How can I improve my college study skills?

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Answered by: James, An Expert in the Improve Study Skills Category
To develop college study skills that will help you achieve better grades both on your class assignments and on your examinations, it's important that you create a routine built around good habits. While every student has to balance schoolwork with a social life and even a part-time job, you should always be mindful of the fact that your education comes first. How well you perform in school has a direct and very strong influence on your job prospects after you graduate and the opportunities you'll have to continue your education at the graduate or professional school level. Remember: better grades lead to better opportunities, so while you may not see the point in spending an hour answering lab questions for an elective class that's not even part of your major, the truth is that every assignment counts. The first step is to get yourself in the mindset of trying your best on each and every assignment you're given.



Regularly attending your classes is a very important building block as you work towards improved college study skills. By attending class and keeping accurate notes on what the professor discussed, you'll be able to save yourself a great deal of time down the road when it comes time to write your term paper or take your final examination. Through your lectures, your professors highlight the materials and concepts they consider to be the most important. Recurrent concepts, ideas and themes expressed in lectures can then guide your studying. Instead of taking your best guess at what type of material will be appearing on your final examination, you’ll have a much clearer idea because you already know what the professor wants his or her students to take away from the course.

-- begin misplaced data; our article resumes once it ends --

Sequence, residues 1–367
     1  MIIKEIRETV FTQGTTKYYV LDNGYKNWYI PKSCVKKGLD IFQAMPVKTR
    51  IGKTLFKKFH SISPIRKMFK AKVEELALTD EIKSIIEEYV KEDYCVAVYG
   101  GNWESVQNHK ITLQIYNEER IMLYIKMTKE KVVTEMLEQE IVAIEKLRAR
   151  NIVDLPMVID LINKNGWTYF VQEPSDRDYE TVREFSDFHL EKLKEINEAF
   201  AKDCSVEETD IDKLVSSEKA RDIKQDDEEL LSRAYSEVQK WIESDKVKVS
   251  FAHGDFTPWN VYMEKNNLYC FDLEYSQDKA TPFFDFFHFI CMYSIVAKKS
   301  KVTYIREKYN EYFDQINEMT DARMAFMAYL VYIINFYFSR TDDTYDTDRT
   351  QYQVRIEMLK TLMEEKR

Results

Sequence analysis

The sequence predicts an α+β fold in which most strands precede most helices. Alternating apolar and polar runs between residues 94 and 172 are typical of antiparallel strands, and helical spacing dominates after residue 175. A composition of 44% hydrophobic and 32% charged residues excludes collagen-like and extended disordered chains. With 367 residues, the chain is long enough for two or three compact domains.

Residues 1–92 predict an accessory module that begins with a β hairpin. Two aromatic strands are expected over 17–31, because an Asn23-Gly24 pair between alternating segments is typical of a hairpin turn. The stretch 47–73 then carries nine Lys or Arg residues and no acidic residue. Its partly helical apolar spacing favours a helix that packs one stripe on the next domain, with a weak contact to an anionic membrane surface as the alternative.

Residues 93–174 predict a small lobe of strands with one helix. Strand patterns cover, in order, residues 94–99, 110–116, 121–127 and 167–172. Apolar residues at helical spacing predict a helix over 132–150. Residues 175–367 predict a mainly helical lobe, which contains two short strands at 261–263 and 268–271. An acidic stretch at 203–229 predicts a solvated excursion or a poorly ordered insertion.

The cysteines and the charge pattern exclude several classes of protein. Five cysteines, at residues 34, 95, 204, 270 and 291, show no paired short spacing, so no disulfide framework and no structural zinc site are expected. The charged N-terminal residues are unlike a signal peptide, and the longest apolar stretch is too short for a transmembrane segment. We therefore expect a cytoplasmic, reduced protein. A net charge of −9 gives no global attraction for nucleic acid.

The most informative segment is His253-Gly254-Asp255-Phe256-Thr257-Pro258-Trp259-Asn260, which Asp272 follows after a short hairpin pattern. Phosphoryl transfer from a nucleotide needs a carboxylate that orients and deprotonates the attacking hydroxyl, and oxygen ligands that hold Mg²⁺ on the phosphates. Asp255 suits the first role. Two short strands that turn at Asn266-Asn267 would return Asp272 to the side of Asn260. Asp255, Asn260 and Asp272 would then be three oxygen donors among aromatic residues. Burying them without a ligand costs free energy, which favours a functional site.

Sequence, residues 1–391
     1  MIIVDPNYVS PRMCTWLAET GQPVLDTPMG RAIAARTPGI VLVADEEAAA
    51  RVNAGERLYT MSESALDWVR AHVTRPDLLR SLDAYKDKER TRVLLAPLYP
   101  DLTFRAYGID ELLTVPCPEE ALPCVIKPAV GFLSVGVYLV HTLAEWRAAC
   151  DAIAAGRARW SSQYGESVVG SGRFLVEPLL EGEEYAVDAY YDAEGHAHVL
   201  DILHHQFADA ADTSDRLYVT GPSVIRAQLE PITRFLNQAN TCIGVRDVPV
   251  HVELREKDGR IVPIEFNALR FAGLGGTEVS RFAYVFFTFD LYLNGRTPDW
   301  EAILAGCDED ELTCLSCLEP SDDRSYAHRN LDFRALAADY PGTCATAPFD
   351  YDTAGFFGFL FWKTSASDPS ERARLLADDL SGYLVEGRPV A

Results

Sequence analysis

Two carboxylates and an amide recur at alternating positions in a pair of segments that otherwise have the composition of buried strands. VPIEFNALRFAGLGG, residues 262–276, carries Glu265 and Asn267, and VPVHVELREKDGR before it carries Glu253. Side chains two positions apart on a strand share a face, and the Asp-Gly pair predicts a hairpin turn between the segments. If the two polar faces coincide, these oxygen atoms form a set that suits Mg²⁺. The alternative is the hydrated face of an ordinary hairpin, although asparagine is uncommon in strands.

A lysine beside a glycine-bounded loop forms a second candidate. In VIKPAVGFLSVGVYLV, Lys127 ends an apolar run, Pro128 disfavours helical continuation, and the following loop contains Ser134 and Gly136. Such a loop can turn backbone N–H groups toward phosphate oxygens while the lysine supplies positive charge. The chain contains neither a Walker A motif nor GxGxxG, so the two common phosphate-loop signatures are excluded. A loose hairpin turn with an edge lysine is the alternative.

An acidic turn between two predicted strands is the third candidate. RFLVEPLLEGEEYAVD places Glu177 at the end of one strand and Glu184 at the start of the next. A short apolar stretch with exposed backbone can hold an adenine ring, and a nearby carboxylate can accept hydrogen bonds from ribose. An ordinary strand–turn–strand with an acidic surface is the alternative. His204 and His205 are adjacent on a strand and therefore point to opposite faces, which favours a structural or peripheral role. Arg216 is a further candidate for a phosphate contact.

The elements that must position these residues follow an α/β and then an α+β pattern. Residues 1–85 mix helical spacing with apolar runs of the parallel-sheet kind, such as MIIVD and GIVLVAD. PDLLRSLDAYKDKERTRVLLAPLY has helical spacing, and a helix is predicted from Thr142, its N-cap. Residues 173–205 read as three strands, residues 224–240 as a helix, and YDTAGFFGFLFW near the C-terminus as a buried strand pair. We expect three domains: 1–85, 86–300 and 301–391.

You should prepare for each new semester by mentally dividing it into its beginning, middle and end. At the beginning of the semester, it’s common for students not to have too many assignments to work on, and this can be a very dangerous trap to fall into--too many students get caught up in a lax, casual lifestyle and aren’t able to pull themselves out of it when it comes time to get cracking on work. During the beginning phase of the semester, establish a routine in which you carve out blocks of time to complete readings and any assignments you’re given. This will help you form good work habits which you can draw on when things pick up.



As the semester gets busier during its middle and end phases, begin each week by outlining your schedule--not just your class schedule, but also your work schedule (if you have a job) and your social schedule (if you have events planned). Then, make a mental or written list of all the readings and assignments you’ll have to do each week, and schedule them in your free blocks of time. Stick to this study schedule as though it was as rigid as, say, a work schedule. You wouldn’t fail to show up for a shift at work and expect to keep your job, so don’t fail to do your schoolwork at its assigned time and expect to succeed in the classroom. Being a student is your job, and taking it seriously through proper planning and time management will ensure you can do well in class without having to sacrifice any of your outside interests.

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